‘Raiders’ conduct pathfinder operations

| November 27, 2015 | 0 Comments
Capt. David Carl, commander,  Troop C, 3-4th Cav., Regt. “Raiders,” 3rd BCT, 25th ID, repels into KTA to begin Pathfinder operations, Nov. 9.

Capt. David Carl, commander, Troop C, 3-4th Cav., Regt. “Raiders,” 3rd BCT, 25th ID, repels into KTA to begin Pathfinder operations, Nov. 9.

Story and photos by Spc. Patrick Kirby
3rd Brigade Combat Team
25th Infantry Division

KAHUKU TRAINING AREA — Soldiers from Comanche Troop, 3rd Squadron, 4th Cavalry Regiment, “Raiders,” 3rd Brigade Combat Team, 25th Infantry Division, recently began integrating Pathfinder operations into their training regimen during an exercise, here.

The Raiders’ main operations include long-range reconnaissance and surveillance through many means of insertion, including helocasts and repelling.

Now, with the addition of Pathfinder operations, they can better assist the 3rd BCT.

“I think our Pathfinder training went very well and was very educational,” said Spc. Jordan Fisher, infantryman, 1st Platoon, Troop C. “I feel like I am more prepared for if I go to Pathfinder in the future.”

The Soldiers began their training event with repelling into KTA from Wheeler Army Airfield.

Staff Sgt. Joseph Moore (right), infantryman, Comanche Troop, 3-4th Cav. Regt., goes over the plan for the day of training at Kahuku Training Area, Nov. 9. Moore was one of the repel and sling load instructors.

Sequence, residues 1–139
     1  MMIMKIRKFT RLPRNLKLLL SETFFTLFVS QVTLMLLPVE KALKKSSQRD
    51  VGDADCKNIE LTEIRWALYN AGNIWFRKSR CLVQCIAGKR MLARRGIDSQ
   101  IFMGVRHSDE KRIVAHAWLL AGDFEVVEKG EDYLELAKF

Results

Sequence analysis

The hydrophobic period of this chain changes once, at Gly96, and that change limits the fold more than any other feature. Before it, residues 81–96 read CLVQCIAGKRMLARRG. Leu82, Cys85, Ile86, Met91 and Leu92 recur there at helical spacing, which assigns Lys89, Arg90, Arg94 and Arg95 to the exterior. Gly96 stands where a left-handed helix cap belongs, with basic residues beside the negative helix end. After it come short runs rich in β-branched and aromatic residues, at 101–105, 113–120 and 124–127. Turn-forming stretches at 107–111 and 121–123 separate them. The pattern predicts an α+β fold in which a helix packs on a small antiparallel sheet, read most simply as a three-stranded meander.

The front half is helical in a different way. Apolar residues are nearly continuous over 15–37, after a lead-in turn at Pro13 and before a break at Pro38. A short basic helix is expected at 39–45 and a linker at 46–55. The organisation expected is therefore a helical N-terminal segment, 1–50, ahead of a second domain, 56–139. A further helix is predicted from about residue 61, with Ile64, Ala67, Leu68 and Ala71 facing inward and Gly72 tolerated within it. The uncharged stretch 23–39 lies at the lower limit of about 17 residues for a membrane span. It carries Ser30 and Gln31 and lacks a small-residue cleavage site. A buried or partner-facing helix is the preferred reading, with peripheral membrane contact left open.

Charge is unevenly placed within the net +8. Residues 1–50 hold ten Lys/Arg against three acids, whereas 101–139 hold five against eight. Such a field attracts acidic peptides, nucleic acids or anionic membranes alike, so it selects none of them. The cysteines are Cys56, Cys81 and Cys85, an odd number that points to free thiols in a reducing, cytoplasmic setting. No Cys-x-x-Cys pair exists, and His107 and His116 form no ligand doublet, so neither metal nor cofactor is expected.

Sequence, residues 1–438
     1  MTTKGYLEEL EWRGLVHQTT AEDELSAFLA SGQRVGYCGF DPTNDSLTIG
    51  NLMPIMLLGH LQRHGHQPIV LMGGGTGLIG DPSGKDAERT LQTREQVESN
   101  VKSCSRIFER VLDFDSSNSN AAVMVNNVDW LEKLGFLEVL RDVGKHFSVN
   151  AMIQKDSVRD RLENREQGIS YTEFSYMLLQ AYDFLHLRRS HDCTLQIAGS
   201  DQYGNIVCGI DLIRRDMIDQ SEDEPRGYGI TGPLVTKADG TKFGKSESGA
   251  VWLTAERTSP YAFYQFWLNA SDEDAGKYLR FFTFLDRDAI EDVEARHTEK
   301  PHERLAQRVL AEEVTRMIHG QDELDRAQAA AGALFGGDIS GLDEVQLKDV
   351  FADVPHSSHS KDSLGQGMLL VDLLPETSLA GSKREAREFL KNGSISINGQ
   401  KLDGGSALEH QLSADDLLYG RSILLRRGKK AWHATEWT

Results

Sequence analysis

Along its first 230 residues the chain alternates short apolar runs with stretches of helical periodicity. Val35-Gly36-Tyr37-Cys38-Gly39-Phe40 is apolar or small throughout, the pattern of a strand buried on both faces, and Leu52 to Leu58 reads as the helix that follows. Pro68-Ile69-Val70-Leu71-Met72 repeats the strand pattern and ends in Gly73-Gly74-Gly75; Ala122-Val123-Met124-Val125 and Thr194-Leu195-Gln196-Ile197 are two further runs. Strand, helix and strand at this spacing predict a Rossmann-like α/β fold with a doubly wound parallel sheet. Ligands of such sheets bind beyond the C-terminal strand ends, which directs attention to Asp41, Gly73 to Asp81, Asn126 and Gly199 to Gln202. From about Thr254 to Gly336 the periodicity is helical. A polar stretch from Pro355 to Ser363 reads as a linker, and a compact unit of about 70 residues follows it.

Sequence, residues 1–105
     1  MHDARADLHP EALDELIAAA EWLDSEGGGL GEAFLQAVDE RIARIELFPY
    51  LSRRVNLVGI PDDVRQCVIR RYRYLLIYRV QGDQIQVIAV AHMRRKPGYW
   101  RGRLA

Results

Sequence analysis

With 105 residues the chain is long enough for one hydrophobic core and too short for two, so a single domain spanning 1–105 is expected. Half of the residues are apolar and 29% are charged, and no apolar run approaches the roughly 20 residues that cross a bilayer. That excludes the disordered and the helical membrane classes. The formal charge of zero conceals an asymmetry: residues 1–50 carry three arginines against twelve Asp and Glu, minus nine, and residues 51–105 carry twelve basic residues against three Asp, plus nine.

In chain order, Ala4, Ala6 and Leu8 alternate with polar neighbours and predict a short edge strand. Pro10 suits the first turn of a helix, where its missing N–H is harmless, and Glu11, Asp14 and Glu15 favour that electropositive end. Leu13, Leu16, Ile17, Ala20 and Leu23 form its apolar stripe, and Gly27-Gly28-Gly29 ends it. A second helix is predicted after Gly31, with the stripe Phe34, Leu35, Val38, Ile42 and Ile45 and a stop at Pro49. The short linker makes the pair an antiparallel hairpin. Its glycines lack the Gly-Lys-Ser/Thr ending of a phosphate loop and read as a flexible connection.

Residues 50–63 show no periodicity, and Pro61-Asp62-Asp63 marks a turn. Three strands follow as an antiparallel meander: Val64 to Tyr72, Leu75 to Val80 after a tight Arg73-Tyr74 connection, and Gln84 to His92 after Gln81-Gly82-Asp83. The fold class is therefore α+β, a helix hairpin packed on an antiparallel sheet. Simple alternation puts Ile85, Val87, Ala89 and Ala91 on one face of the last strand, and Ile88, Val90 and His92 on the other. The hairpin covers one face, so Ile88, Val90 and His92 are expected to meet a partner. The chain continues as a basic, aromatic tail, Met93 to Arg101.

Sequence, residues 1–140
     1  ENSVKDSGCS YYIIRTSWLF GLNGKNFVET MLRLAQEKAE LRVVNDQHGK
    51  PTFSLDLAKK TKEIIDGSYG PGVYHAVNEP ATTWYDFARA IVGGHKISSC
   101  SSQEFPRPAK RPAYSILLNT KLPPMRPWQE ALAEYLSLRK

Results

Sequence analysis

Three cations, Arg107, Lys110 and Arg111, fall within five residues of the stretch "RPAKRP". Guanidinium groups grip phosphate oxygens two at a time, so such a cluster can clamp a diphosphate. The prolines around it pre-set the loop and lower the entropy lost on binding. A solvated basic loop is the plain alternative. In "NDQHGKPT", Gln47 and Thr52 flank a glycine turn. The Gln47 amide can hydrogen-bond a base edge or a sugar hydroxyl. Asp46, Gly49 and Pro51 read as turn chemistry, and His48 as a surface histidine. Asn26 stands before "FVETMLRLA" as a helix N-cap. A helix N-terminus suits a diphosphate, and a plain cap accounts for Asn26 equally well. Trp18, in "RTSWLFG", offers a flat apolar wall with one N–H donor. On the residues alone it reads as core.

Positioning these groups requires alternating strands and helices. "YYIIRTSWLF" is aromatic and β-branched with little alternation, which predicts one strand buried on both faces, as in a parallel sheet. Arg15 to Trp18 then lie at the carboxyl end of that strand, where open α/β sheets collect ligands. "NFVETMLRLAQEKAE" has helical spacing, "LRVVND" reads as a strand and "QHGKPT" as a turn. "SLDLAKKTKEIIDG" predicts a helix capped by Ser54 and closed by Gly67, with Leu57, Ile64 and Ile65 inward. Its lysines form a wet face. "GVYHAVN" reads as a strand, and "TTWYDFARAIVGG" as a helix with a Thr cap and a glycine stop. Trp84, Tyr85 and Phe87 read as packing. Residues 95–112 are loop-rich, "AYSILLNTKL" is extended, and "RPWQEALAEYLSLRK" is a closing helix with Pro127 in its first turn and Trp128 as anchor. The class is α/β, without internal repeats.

Staff Sgt. Joseph Moore (right), infantryman, Comanche Troop, 3-4th Cav. Regt., goes over the plan for the day of training at Kahuku Training Area, Nov. 9. Moore was one of the repel and sling load instructors.

“We got a lot of practice throughout the week on how to set up sling load, the proper link counts and all the steps to rig the loads up for flight,” Fisher said. “We also got a good class from Staff Sgt. Joseph Moore on how to properly hook up the loads to all the different types of helicopters the U.S. Army has and how much each can carry.”

The training went smoothly because of the classes, Fisher said.

“We were also able to get some good practice on how to properly give hand and arm signals to the pilots,” he continued.

The class was focused mostly on the basics of being a Pathfinder, surveying and selecting a helicopter landing zone and preparing it for landing or dropping of equipment.

When it came to rigging the loads, getting them ready to be a sling load, everyone pitched in and did their share.

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After the rigging was done, the birds lifted up and got in place for the sling team to do their work. One trooper guided the Chinook into place, while two others went underneath to attach the load.

The troop is beginning to send more and more Soldiers to Pathfinder school, with hopes to make all teams have at least one or two Pathfinder qualified leaders.

Currently, the troop is sitting at 68 percent air assault qualified and are trying to get to reach the 80-90 percent range.

(Editor’s note: Kirby is an infantryman and unit public affairs representative with the 3-4th Cav.)

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Category: Exercises, News, Training

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